This paper addresses the visual discourse of psychopharmaceuticals, such as Prozac, in order to investigate the network of relationships of affects, advertising, design and the production of new identity practices.
As psychopharmaceuticals enter the public sphere through television and print advertisements, as well as first person narratives increasingly promoted in the media, the cultural discourse surrounding their use and the identity of the users are also changing. Drawing from a Spinozist notion of affect, ‘the trace of one body upon another’, as well as from a semiotic analysis of advertisements, I intend to examine the identity practices and the type of embodiment emerging in, and envisioned by, the increasingly normalised object ‘psychopharmaceutical’. The centrality of affects in the constitution of subjectivity is increasingly relevant to contemporary critical theory (see the notion of ‘affective turn’, Clough). Addressing the network of affective investments we exchange with objects is crucial for an understanding of how embodied subjectivities mutate accordingly to the objects they interact with.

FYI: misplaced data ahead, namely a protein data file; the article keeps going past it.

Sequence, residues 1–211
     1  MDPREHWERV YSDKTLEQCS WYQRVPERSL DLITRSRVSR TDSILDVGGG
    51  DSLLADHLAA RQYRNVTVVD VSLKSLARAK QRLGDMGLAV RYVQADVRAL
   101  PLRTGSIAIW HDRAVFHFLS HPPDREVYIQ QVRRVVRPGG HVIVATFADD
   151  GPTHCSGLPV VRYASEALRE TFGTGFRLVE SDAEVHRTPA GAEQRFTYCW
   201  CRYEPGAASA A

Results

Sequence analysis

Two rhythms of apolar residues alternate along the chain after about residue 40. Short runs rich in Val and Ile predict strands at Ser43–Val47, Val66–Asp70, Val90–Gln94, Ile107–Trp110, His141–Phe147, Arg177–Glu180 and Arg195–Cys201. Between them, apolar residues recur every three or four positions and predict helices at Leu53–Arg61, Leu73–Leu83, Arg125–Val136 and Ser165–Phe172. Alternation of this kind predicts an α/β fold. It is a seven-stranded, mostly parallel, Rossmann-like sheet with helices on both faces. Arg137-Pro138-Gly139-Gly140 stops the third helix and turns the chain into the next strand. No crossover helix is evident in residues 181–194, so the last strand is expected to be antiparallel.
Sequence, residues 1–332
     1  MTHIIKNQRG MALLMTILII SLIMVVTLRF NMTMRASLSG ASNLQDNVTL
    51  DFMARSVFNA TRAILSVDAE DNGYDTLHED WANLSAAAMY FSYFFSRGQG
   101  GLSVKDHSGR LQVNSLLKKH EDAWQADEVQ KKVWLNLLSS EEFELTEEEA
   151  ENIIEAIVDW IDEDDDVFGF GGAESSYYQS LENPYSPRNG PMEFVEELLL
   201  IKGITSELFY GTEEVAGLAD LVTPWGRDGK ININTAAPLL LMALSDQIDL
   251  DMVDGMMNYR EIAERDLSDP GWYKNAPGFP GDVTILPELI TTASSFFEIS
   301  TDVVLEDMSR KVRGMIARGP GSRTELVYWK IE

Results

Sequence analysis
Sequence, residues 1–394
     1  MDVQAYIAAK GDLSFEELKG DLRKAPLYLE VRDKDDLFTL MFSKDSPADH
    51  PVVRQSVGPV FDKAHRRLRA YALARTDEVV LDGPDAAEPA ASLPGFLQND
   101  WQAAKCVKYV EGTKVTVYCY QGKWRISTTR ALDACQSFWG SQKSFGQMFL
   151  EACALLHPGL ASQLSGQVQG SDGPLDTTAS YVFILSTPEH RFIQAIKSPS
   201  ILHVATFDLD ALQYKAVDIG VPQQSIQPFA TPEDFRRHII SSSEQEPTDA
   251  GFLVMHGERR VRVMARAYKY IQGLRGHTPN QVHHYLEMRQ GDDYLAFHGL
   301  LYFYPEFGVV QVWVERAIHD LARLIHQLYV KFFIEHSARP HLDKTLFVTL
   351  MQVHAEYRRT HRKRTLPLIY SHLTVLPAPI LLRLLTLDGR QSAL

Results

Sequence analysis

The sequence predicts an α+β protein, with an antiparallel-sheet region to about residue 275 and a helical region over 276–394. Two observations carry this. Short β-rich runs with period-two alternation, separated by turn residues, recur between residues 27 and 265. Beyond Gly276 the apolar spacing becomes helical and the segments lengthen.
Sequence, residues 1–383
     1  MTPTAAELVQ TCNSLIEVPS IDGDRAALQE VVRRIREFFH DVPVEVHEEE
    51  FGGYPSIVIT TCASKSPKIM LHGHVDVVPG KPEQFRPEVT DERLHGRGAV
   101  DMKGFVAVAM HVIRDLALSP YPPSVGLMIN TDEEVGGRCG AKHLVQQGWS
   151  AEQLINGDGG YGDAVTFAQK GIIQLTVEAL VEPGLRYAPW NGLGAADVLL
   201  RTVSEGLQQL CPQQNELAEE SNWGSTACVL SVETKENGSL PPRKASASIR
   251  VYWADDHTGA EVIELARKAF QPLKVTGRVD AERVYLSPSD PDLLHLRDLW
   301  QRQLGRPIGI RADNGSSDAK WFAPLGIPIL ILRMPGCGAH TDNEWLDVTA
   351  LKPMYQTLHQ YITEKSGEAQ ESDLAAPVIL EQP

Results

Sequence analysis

Against the theoretical backdrop provided by what Nikolas Rose calls the ‘pharmaceutical biopolitics of the neurochemical self’, the analysis of packaging, colour, visual and textual language of their advertising suggests how new scripts of selfhood are inscribed in the relationship between users and psychopharmaceuticals. The ensuing dialogue among chemistry, affects and design creates narratives of the self as a myth-making operation in which psychopharmaceuticals perform as objects imbued with magic properties.